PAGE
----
"Operably linked" refers to juxtaposition such that the normal function of the components can be performed. Thus, a coding sequence "operably linked" to control sequences refers to a configuration wherein the coding sequence can be expressed under the control of these sequences and wherein the DNA sequences being linked are contiguous and, in the case of a secretory leader, contiguous and in reading phase. For example, DNA for a presequence or secretory leader is operably linked to DNA for a polypeptide if it is expressed as a preprotein that participates in the secretion of the polypeptide; a promoter or enhancer is operably linked to a coding sequence if it effects the transcription of the sequence; or a ribosome binding site is operably linked to a coding sequence if it is positioned so as to facilitate translation. Linking is accomplished by ligation at convenient restriction sites. If such sites do not exist, then synthetic oligonucleotide adaptors or linkers are used in accordance with conventional practice.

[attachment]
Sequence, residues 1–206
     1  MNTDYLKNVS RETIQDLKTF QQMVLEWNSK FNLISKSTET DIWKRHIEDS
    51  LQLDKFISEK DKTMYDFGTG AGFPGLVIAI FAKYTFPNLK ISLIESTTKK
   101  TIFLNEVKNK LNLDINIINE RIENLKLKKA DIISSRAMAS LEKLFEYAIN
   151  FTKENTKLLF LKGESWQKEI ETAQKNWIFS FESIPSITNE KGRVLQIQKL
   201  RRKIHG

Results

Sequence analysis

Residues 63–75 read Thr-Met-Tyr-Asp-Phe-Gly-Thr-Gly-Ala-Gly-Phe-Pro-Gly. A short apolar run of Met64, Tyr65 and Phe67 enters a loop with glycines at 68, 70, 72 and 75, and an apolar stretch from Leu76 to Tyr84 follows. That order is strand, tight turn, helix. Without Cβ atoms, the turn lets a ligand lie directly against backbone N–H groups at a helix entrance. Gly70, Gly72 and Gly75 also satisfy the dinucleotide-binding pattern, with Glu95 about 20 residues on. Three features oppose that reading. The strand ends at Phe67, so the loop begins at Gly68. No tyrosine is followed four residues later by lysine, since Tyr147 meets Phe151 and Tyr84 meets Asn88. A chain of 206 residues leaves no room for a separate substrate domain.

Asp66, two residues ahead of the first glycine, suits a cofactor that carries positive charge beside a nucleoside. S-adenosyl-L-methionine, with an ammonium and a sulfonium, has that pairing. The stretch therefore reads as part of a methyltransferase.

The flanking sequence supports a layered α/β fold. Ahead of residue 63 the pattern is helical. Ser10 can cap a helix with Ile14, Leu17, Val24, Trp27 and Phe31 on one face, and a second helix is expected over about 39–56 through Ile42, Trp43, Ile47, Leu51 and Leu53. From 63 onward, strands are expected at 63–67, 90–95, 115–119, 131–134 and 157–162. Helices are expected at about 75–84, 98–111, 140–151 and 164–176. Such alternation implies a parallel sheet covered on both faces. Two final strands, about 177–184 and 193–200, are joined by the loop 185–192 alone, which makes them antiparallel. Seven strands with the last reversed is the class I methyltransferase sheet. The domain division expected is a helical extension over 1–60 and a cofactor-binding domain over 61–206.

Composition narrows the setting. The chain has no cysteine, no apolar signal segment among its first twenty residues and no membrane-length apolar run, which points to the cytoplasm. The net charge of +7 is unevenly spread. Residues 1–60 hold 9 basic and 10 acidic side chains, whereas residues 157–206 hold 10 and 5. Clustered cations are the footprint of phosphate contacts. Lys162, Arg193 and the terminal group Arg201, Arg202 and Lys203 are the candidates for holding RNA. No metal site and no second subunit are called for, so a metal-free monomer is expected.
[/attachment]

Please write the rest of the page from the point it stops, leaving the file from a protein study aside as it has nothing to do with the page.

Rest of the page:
"Control sequences" refers to DNA sequences necessary for the expression of an operably linked coding sequence in a particular host organism. The control sequences that are suitable for prokaryotes, for example, include a promoter, optionally an operator sequence, a ribosome binding site, and possibly, other as yet poorly understood sequences. Eukaryotic cells are known to utilize promoters, polyadenylation signals, and enhancers.
"Expression system" refers to DNA sequences containing a desired coding sequence and control sequences in operable linkage, so that hosts transformed with these sequences are capable of producing the encoded proteins. To effect transformation, the expression system may be included on a vector; however, the relevant DNA may then also be integrated into the host chromosome.